Registered charity Mind Medicine Australia (MMA) seeks to help alleviate the suffering and suicide caused by mental illness through expanding novel treatment options to medical practitioners and patients. To that end, it has received new funding support for the development of observational trials of psychedelic-assisted therapies.
The initial funding commitment of $690,600 (AU$1,000,000) will be provided by the Hunt Family Foundation, the largest available philanthropic grant for the rapidly emerging therapeutic psychedelics field in Australia. The charity intends to seek matching funding from other philanthropists, in order to leverage the impact of this initiative.
As MMA chairman Peter Hunt said: “The elephant in the room is the lack of innovation in treatments for mental illnesses for over 50 years.”
In 2021, they successfully assembled more than $10 Million (AU$15 Million) for innovative mental health clinical trials of psychedelic-assisted therapies from the Federal Government through the Medical Research Futures Fund.
According to MMA, that kickstarted the country to considerably increase the number of clinical trials involving psychedelic medicines; yet that same period coincided with the worsening of the national mental health crisis.
For this situation to improve, the high remission rates achieved in clinical trials need to be translated and taken to general clinical environments while further improving the therapeutic methodology and protocols.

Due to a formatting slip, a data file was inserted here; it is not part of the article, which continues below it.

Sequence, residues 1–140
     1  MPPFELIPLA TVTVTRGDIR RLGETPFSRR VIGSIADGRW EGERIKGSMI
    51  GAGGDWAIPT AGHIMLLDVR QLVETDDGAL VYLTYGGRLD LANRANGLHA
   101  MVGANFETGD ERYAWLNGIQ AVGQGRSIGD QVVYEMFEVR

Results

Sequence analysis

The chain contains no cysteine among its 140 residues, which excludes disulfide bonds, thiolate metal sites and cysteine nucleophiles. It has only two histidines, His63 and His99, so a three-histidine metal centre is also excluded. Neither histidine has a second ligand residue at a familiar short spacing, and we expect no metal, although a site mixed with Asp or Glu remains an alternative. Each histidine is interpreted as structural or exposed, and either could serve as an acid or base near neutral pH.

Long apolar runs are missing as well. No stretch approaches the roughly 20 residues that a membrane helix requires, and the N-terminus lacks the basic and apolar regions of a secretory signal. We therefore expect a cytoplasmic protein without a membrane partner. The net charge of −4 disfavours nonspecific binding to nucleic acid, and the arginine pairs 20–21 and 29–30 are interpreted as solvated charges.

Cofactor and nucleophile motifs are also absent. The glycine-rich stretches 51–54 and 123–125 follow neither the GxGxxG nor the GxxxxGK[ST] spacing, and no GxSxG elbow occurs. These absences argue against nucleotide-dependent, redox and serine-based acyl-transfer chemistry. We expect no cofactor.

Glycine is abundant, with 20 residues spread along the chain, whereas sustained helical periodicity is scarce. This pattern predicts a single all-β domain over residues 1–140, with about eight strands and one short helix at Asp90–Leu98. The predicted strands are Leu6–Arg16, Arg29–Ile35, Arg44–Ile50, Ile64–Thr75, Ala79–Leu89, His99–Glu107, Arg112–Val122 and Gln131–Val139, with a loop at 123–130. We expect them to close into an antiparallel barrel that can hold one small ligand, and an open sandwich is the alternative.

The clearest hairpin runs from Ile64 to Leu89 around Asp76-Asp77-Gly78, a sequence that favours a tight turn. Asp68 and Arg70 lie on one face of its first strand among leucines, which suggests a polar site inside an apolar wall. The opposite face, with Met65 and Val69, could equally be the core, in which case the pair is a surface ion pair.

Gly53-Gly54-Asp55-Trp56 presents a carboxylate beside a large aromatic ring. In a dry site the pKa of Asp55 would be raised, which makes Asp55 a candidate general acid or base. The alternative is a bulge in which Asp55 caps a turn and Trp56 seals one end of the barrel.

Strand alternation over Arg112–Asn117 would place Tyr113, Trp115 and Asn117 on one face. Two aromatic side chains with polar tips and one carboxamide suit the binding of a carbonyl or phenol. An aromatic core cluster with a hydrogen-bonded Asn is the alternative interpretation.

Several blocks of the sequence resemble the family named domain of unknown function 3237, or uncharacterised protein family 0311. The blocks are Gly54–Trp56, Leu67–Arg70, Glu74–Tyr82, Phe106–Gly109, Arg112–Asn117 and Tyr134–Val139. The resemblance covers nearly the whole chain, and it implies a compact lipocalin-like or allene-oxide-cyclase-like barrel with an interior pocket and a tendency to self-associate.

The charity’s executive director Tania de Jong further explained: “Unlike conventional treatments, which often require patients to endure years of daily medications and weekly support from a mental health professional, psychedelic-assisted therapies can be effective after just two to three clinically supervised sessions with the medicines supported by a short course of psychotherapy. The medicines have been shown to be safe and non-addictive when administered within a medically controlled environment.”
More Details On The Current Project
Trial applications will be assessed and managed by members of MMA’s scientific and clinical advisory panel. The group’s chair will be David Nutt, head of neuropsychopharmacology at Imperial College London.
“There is growing acceptance that observational trials collecting real-world evidence are important in understanding the value and clinical utility of new treatments. They have proven vital to the development of medical cannabis and are likely to do the same for psychedelics,” Dr. Nutt said.
One of the acceptance criteria is observational trials focusing on specific groups in the community –such as veterans and first responders– where patients usually have multiple comorbidities and therefore could present more difficulties in their treatment.
Another would be proposals developing different therapeutic approaches, including support tools for patients after the therapy ends.
Importantly, all applications will be considered on the basis of merit, while funds allocation will be based on recommendations from the panel of experts. Successful grants are subject to the applicants receiving approval from an ethics committee.
Photo by Roman Kraft on Unsplash
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